The ATP’s top player also hosted a three-site super spreader tournament in the Balkans when the pandemic started. So here’s a player on airplanes and in hotels, who greets people without a mask and indoors and admits that he has become covid twice. Should Australia let him in? This is a nation that has been extremely conservative about the conditions for diffusion, and there are many Australians who have followed the rules, are exhausted from the blocks and are watching this and thinking that perhaps they should have taken tennis lessons more seriously.

You can’t just walk to the edge with a positive PCR test and explain that you always have COVID, so is everything okay?

Why on earth would Australia let in a reckless, twice infected, antitivaxxer who clearly isn’t interested in following the rules, and most likely has played freewheeling with exemption protocols so that he can hit a yellow ball with a racket ?

And now, great, Djokovic has raised the international crowd of freedom for all. British ghoul Nigel Farage tweeted:

“I am talking to the Djokovic family and it is clear that Tennis Australia, in line with the law of the state of Victoria, has allowed Novak to come to Australia as he had evidence of a positive PCR test for the past 6 months. He was then arrested, his phone and wallet taken. ”

Right, because Djokovic chose to stay and argue his case in front of a judge, so he has a room at the airport. Nations have laws and when you enter sovereign countries, you have to agree to follow their rules. You would think a Brexit movement leader would get the whole sovereign nation thing. Many on social media have welcomed Farage into campaigning for migrant rights, but of course this only applies to one celebrity and not the thousands of people fleeing oppression and poverty seeking to enter the UK or states. United every year. Wait until he learns about conditions on the southern border.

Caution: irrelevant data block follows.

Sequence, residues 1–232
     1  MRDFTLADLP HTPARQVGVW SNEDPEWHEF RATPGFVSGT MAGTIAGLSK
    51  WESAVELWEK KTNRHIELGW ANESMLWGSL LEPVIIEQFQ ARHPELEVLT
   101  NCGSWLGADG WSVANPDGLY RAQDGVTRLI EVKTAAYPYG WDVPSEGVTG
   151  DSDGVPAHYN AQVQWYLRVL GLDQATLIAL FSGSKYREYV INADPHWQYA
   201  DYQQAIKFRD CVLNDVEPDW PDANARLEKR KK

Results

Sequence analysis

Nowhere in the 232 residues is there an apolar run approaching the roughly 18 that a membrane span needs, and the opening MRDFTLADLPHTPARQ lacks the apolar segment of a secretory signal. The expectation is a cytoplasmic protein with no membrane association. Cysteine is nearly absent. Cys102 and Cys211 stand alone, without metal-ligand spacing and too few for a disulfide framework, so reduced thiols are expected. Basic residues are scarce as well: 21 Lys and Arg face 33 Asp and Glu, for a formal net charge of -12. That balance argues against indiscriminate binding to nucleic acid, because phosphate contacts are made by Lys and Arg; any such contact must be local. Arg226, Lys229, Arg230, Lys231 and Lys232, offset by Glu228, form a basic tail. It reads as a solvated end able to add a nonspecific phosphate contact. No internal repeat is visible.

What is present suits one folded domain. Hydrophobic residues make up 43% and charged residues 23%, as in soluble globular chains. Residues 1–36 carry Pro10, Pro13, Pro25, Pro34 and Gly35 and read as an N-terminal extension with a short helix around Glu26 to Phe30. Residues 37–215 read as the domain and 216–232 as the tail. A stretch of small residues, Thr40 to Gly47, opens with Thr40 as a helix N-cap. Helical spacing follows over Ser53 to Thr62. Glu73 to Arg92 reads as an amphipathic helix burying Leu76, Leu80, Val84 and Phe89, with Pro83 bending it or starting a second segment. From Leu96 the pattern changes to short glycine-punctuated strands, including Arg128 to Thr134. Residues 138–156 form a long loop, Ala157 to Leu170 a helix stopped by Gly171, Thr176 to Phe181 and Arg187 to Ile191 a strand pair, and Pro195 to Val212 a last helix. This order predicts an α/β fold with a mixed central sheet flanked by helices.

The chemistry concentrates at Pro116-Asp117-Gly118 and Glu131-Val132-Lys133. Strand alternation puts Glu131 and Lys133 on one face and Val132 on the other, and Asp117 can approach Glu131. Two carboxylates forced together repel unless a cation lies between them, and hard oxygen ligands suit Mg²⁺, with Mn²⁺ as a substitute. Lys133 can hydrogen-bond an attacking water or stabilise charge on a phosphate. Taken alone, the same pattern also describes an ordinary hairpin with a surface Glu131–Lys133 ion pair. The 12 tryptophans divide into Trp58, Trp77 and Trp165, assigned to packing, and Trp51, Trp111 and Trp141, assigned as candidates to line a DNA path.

But I’m digressing.

The bottom line is that Djokovic isn’t all that different from anyone else. He chose not to get vaccinated. A lot of people have done this, and some of them have real medical reasons that they can’t. Choosing not to get vaccinated has consequences. You may not be able to work in certain environments as an unvaccinated person, or enter certain restaurants, or travel freely across borders.

Nobody is doing this to Djokovic. We are in a pandemic and how we adapt to that is often uncomfortable. Look at the debate around schools, no one would choose to keep children at home in normal conditions, but in a pandemic there are very difficult considerations at stake.

But no one can decide what is reasonable for them is also reasonable for all the people they interact with, especially at the borders of a nation. So Djokovic must decide between vaccination and his quest to become the greatest champion of his era against Roger Federer and Rafael Nadal, or hope that his name, stature and timely positive PCR results will allow him to enter the nations. of the Grand Slam.

Or as Nadal says: “He made his own decisions and everyone is free to make their own decisions, but then there are consequences”